When a California city needed help affording this year’s Fourth of July fireworks, it was a local Sikh community that stepped up to help.
Members of the “We are Sikhs” campaign in Fresno are being credited with saving the nearby city of Visalia’s fireworks show on Tuesday after offering a $10,000 donation to help fund the celebration.
Gurwin Singh Ahuja, executive director of the National Sikh Campaign, which oversees the local Fresno chapter, described the holiday as the perfect opportunity for Americans of all faiths to come together as one.
“To be honest with you, there’s no federal holiday or single holiday that includes the entire community like July 4th does,” he told HuffPost on Thursday.
In addition to helping carry out the beloved American tradition, Ahuja said it was an opportunity for Sikhs to educate the public about their religion, which focuses on equality and religious tolerance as its core values.
“The faith is really, really, really rooted in equality. That is our fundamental belief,” he said of Sikhism, which originated in India.
Local Sikh Amrit Singh, who reached out to the national campaign after hearing of the city’s financial woes, echoed Ahuja’s message.
“American values are Sikh values,” he told local Your Central Valley news.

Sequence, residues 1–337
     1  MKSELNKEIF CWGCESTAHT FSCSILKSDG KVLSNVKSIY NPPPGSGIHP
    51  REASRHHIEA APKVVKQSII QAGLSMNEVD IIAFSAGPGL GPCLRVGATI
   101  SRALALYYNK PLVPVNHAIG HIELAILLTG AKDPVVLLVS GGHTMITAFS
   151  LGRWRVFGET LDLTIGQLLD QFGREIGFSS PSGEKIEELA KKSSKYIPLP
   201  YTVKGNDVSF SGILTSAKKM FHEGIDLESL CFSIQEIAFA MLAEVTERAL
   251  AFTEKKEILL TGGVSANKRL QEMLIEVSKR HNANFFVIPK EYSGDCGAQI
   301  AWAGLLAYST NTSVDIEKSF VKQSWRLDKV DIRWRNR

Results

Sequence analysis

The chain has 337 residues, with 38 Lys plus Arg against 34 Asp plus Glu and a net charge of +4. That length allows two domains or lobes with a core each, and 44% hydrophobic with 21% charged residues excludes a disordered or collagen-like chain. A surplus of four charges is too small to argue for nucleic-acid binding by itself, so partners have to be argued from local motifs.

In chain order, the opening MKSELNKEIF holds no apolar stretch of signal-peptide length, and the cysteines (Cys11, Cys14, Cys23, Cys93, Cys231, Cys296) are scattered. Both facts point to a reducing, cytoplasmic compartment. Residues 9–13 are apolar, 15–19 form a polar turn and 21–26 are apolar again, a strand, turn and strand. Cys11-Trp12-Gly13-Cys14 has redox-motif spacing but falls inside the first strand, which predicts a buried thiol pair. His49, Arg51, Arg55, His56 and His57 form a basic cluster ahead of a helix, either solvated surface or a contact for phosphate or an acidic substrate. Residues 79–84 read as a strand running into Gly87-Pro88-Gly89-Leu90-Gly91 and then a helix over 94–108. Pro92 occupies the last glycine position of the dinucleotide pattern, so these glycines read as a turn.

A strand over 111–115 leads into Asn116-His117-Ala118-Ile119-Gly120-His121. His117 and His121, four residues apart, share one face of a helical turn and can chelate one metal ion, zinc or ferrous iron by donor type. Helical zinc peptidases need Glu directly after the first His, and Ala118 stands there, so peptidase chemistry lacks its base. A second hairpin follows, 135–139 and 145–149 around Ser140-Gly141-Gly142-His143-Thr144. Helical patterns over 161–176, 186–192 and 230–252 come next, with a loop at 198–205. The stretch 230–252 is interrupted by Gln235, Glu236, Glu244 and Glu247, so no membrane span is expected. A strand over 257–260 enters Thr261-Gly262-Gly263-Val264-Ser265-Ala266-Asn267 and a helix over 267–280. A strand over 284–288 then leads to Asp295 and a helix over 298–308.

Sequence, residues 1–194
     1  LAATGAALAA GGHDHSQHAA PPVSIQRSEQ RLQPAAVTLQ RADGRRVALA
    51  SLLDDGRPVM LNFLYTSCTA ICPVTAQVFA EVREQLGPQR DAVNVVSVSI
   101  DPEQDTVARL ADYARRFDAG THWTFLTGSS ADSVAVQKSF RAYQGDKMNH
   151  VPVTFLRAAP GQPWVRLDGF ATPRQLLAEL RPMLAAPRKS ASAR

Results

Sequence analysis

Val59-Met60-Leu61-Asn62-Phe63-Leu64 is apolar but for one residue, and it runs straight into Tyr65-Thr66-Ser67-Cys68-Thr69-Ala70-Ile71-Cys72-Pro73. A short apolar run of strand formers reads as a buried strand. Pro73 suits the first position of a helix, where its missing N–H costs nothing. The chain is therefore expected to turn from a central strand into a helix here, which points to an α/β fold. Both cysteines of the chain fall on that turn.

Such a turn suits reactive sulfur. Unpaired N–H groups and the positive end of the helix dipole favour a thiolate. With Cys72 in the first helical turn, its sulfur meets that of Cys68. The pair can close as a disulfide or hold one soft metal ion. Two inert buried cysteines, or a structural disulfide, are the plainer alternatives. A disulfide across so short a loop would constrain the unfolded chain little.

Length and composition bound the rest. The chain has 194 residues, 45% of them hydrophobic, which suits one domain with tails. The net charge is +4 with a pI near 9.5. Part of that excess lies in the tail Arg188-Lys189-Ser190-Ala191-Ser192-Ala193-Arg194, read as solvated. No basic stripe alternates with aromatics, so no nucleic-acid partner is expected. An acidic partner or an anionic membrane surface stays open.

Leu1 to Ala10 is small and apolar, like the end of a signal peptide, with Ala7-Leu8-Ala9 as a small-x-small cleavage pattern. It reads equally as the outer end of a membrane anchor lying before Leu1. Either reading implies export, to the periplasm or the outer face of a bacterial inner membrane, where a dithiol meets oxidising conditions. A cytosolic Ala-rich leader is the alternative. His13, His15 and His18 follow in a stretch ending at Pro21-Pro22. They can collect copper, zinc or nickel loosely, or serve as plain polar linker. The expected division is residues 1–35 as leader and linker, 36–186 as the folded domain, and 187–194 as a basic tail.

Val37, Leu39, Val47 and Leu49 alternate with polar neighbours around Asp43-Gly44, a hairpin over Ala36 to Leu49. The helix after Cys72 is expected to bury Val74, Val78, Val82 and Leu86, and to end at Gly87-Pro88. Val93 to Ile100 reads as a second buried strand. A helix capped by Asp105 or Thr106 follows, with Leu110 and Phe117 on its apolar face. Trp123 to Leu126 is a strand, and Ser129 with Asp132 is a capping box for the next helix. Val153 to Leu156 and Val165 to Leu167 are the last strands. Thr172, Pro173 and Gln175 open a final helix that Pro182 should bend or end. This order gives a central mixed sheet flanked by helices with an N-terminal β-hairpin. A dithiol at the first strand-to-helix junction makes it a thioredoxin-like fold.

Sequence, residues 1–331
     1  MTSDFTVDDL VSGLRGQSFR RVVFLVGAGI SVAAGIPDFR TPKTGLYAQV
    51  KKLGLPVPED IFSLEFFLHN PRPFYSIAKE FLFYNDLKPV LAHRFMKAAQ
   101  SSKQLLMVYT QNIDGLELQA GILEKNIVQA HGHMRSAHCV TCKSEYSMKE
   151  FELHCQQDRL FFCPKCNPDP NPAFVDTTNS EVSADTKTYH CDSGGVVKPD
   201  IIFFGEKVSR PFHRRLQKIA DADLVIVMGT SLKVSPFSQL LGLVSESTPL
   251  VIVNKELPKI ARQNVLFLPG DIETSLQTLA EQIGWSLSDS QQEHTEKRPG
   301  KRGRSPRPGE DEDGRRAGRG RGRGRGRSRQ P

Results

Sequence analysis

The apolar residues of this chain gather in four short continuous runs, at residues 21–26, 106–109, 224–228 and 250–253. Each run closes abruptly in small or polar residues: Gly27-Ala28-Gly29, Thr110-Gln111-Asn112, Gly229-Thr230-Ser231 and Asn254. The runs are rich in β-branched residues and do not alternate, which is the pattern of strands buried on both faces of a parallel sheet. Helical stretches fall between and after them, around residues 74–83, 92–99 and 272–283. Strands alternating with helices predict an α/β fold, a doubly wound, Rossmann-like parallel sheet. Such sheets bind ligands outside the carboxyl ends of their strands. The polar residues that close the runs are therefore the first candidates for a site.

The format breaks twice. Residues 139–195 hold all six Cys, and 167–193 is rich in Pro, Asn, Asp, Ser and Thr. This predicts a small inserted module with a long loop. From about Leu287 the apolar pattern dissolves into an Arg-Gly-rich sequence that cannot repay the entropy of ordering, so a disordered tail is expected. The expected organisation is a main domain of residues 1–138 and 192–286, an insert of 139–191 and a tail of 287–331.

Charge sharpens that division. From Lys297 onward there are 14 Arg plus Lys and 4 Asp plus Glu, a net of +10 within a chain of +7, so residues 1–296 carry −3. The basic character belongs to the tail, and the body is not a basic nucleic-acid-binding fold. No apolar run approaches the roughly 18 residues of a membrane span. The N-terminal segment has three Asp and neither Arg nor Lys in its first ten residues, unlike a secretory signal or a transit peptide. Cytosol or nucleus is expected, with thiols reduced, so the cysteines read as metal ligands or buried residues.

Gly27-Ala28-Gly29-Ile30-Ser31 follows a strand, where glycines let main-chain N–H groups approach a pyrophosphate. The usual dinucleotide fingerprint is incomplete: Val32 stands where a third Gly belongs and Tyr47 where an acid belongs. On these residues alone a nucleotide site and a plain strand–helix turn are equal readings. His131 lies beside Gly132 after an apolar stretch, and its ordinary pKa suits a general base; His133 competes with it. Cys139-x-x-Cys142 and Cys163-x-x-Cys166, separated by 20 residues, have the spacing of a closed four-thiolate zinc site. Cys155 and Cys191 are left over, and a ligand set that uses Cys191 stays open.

Visalia Mayor Warren Gubler, speaking to NBC News, expressed gratitude to the campaign’s members.
“Visalia considers this to be very generous and helpful. We appreciate their show of patriotic support, as one of our newer groups of American citizens,” he said.
The decision to help fund the fireworks show, which also benefited a children’s charity, follows the Fresno campaign’s launch last month. The campaign’s efforts include educational advertisements and community outreach in the area.
“Sikh Americans have been a part of the fabric of the community of Fresno and every corner of the nation for over 115 years. We know that the United States is the greatest country on the earth and we are proud to call ourselves Americans,” Amritpal Singh, with the We Are Sikhs Campaign, said in a statement.
Ahuja stressed the importance of the campaign’s outreach efforts, since some of their members have experienced discrimination and even hate crimes, often because they wear turbans. The religious headwear has led some people to mistake them for Muslims, a group that has faced similar discriminations in the U.S. following the September 11 attacks.
“The turban is often perceived as anti-American or that someone who wears one is a terrorist,” Ahuja said.
In Sikhism, wearing a turban is a symbol of the follower’s commitment to equality and religious tolerance. Someone wearing a turban means they are willing to put their life on the line “to commit to those values,” he said.
Gagan Kaur, who helped put a booth together on Sikhism for Tuesday’s big event, said they received a warm response from the public.
“We have positive energy here and I think that actually helping people to get excited about our booth and they want to see who are all these people wearing cultural clothes and turbans and having long flowing beards,” he told Your Central Valley.